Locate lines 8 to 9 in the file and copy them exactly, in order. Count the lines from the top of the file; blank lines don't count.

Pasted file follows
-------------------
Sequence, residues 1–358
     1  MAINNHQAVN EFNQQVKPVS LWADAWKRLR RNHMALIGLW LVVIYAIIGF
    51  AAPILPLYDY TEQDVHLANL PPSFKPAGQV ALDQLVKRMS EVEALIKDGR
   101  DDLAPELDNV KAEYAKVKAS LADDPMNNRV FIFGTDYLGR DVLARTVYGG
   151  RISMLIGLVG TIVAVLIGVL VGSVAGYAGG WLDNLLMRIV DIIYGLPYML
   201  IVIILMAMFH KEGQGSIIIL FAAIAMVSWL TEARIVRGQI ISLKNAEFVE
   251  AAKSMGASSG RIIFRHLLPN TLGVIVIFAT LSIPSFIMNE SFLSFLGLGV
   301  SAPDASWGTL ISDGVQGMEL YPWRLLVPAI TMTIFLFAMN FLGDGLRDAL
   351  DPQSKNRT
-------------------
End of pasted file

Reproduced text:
   301  SAPDASWGTL ISDGVQGMEL YPWRLLVPAI TMTIFLFAMN FLGDGLRDAL
   351  DPQSKNRT